Twin studies provide a direct approach to assessing the role of genetics in neural organization. Previous studies have demonstrated that some aspects of structural brain organization are more similar in monozygotic (MZ) twins than in dizygotic (DZ) twins (Thompson et al., 2001). Our focus is on functional brain organization. If the patterns of neural activity associated with a given visual category are significantly more similar in MZ twins than in DZ twins, then that is strong evidence that genetics played a significant role in determining that activity pattern. Conversely, if the patterns in MZ twins are no more similar than in DZ twins, it provides evidence that genetics did not play a significant role.
Materials and Methods
We tested 13 pairs of right-handed MZ twins (nine female pairs, four male pairs, ages 18–29 with a mean age of 21.3) and 11 pairs of DZ twins (seven female pairs, four male pairs, ages 18–23, mean age 19.9). Zygosity was determined by comparing seven to eight highly variable DNA markers (D5S818, D13S317, D7S820, D16S539, vWA, TH01, TPOX, CSF1PO) from the buccal cells of twins collected by swabbing the cheek of each participant. DNA was amplified using the polymerase chain reaction technique. Twins in whom all the markers matched were classified as monozygotic and twins in whom some markers mismatched were classified as dizygotic.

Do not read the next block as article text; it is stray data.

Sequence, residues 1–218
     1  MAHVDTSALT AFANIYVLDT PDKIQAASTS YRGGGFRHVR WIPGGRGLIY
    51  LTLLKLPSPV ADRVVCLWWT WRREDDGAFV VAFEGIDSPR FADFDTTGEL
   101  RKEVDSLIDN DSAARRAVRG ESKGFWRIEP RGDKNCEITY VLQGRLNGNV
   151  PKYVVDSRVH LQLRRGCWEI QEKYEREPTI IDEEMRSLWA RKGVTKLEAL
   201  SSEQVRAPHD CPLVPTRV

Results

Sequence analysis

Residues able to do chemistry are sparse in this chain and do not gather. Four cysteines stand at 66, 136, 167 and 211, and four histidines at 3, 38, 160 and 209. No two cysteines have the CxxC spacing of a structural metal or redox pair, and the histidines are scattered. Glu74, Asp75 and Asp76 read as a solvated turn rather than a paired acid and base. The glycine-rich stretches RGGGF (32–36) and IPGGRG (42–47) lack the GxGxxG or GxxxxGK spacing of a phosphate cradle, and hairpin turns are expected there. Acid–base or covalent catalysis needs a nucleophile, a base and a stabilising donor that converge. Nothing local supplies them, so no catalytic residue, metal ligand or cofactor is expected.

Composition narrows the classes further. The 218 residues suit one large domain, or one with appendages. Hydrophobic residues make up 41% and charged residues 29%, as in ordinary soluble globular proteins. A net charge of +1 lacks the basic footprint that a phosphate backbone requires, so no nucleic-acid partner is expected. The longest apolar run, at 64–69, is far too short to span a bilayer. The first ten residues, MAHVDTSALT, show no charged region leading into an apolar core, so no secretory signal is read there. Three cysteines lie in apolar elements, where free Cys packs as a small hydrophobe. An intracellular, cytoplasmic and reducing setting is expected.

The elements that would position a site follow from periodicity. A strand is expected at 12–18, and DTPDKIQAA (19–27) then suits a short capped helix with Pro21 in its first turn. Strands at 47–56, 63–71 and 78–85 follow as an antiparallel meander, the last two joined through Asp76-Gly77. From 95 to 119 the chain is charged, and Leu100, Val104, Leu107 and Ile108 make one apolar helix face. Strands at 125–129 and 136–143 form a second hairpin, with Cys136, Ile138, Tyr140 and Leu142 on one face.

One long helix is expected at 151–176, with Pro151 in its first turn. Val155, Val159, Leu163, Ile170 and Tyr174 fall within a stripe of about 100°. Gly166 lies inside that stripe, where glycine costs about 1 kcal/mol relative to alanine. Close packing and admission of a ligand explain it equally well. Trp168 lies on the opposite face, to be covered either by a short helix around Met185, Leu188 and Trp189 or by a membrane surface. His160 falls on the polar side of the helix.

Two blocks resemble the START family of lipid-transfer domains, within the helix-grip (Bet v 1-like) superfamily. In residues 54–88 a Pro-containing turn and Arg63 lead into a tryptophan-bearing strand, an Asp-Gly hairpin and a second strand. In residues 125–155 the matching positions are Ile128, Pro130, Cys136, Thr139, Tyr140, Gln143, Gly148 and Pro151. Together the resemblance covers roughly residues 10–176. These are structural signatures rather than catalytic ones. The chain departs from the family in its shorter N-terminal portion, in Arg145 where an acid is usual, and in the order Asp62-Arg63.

During functional MRI scanning, participants performed a one-back matching task (press a button with the right, middle finger if the current stimulus matches the last stimulus, press a button with the right, index finger if they do not match) on gray-scale pictures from five categories: faces, places (pictures of houses), pseudowords (pronounceable nonword letter strings), chairs, and phase-scrambled control images (see Fig. 1). Pseudowords, instead of words, were used to ensure that there were no effects of word semantics on activation patterns (and pseudowords and words are known to elicit similar activation patterns in ventral visual cortex) (Polk and Farah, 2002). In keeping with many previous studies, houses were used to activate the so-called parahippocampal place area (Epstein and Kanwisher, 1998). The control images were versions of the experimental images in which the phase information was scrambled, but spatial frequency was preserved (i.e., the power spectra were identical). There were three runs with 15 20 s blocks per run (three blocks of each of the five categories of stimuli in pseudorandom order) with a 20 s rest period preceding each run. Each block consisted of 10 items from the same category presented for 1500 ms each, followed by a 500 ms intertrial interval.